Militaries from four nations work together during evacuation exercise
February 18, 2009
- Successfully "evacuating" more than 90 people, during Cobra Gold 2009.
- "It's challenging to work together with other nations because each nation has their own way of doing things."
- "The exercise was good because it gave us a chance to study each other's procedures and learn to work together to help patients."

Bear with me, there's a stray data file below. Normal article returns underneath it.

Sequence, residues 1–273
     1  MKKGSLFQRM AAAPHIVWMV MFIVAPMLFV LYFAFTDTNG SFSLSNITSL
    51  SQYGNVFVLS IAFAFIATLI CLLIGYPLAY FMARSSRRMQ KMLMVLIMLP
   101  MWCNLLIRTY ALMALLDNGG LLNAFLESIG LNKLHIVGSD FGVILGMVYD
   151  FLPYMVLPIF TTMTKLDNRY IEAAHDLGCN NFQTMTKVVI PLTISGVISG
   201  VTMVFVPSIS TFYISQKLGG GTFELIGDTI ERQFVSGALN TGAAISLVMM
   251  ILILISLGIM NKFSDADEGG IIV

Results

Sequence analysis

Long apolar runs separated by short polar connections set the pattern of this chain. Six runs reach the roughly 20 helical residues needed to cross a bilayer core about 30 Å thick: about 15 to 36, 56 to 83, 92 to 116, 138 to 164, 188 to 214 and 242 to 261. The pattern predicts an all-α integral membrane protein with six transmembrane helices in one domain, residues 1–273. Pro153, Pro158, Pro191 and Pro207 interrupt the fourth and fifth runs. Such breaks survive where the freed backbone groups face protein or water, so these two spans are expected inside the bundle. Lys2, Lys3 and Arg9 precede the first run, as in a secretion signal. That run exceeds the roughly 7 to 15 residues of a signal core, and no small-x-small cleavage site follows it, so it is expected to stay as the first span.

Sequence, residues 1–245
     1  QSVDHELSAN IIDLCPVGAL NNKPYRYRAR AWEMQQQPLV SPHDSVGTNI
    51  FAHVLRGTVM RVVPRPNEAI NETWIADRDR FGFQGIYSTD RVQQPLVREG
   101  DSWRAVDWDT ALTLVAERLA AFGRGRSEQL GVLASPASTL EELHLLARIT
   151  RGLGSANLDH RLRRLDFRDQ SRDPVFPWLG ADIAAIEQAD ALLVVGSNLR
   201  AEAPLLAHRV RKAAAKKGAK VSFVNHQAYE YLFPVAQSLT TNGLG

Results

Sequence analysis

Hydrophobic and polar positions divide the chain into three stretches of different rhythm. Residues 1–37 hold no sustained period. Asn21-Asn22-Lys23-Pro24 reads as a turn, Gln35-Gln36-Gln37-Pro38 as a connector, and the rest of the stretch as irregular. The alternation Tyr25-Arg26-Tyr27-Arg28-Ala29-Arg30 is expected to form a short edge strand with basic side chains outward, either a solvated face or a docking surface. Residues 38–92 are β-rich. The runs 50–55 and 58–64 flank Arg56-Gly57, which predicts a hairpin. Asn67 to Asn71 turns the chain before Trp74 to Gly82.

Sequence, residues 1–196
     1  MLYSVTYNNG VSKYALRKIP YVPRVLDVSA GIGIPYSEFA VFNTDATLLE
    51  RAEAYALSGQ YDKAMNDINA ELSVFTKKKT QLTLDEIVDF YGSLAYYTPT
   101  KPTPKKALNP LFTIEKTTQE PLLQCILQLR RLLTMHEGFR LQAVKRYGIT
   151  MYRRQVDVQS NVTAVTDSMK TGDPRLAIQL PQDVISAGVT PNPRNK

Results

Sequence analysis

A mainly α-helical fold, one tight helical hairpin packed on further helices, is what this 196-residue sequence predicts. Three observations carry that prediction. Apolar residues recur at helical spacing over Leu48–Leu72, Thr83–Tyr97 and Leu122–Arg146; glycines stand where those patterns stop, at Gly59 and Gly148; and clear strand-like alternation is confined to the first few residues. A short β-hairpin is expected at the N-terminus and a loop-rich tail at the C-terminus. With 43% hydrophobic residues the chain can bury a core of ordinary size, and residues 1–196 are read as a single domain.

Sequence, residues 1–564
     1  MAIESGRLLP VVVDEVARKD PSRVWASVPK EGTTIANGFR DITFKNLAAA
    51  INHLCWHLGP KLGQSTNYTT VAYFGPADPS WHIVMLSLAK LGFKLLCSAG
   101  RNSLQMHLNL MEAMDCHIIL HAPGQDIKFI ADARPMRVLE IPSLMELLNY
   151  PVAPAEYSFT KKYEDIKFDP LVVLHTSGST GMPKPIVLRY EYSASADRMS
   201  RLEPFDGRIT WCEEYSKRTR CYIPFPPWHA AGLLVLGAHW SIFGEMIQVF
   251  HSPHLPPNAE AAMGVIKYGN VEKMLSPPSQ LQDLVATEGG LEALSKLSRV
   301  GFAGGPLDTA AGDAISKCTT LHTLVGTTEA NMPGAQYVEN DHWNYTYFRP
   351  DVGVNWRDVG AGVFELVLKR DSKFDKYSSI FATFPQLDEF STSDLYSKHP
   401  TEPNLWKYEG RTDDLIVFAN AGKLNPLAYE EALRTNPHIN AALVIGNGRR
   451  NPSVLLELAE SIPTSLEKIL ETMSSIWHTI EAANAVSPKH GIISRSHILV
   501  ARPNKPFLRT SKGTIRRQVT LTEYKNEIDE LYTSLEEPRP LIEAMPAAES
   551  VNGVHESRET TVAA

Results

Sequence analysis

UTAPHAO, Thailand- Japanese Self Defense Force and Thai, Indonesian and U.S. militaries conducted a multinational noncombatant evacuation operation (NEO) exercise here Feb. 15, successfully "evacuating" more than 90 people, during Cobra Gold 2009. Cobra Gold is an annual joint, coalition multinational exercise focused on maintaining and improving military interoperability among its participants. Nearly 200 service members from the militaries of four nations teamed up over the course of five days to prepare for the exercise, which was based on evacuating citizens from a region of rising political turmoil in the exercise scenario. The troops received classroom instruction and progressed to practical application rehearsals before the final exercise, working to understand the different operating procedures utilized by each nation. "It\'s challenging to work together with other nations because each nation has their own way of doing things," said Capt. Thano Pravongviengkham, a company commander with Combat Logistics Regiment 3 who directed this particular exercise. The exercise was primarily based around planning and running an evacuation control center (ECC), which supports a NEO by facilitating the evacuation of numerous civilians in an organized and timely manner. "Coordinating just by ourselves is hard; add a few more countries to that and things can get interesting," said Pravongviengkham, explaining difficulties such as differing languages and standard operating procedures. The exercise started as buses loaded with about 90 role players drove up at the airfield. The role players were then unloaded and separated by nationality- Thai, Japanese and American- in order to make the processing smoother by eliminating language barriers. The Indonesian military also participated in the event by offering perimeter security at the airfield. "I think this is very important for Indonesia's military to be cooperating in this exercise because it gives us a chance to work together, gain knowledge, skill and experience so that we can teach our soldiers back home," said Indonesian Marine 2nd Lt. Helilintar Laksono with 5th Battalion, Surabaya. After splitting into smaller groups, military representatives from each of the countries explained the process to the evacuees and moved them through a series of checkpoints, ranging from security to registration for debarkation. "If we had to do this thing for real, this would be a great exercise to prepare us," said Staff Sgt. Payton Bradshaw a landing support specialist. The Tactical Exercise Control Group from III Marine Expeditionary Force contributes to exercises such as this in order to do that very thing-make the training realistic. "We help facilitate exercises such as this by developing realistic scenarios to make the experience more beneficial for the units conducting the training," said Capt. John Menzel, TECG air officer. "We can adjust the scenario to meet the unit's training objectives," he added. During this scenario, certain role players were directed to act as medical casualties in order to test the participating forces' emergency response capabilities during a chaotic environment. "Our job is to take care of people who have health problems while in the ECC," said Royal Thai Air Force Squadron Leader Suwatcharee Ngujima, a nurse at a hospital in Bangkok. "The exercise was good because it gave us a chance to study each other's procedures and learn to work together to help patients," she said. After all the evacuees were screened and registered, they were brought to the flight line to board an aircraft and evacuate to a safe zone. The exercise was considered very meaningful by all of the participating nations, a notion reflected by the twenty-eight VIPs who attended the training event, including the U.S. and Japanese ambassadors to Thailand. "The largest training take away here is the planning of a complex operation in a combined mode," said Brig. Gen. William M. Faulkner, commanding general of 3d Marine Logistics Group. "This type of training has significant value for all of the countries involved," he added. (30)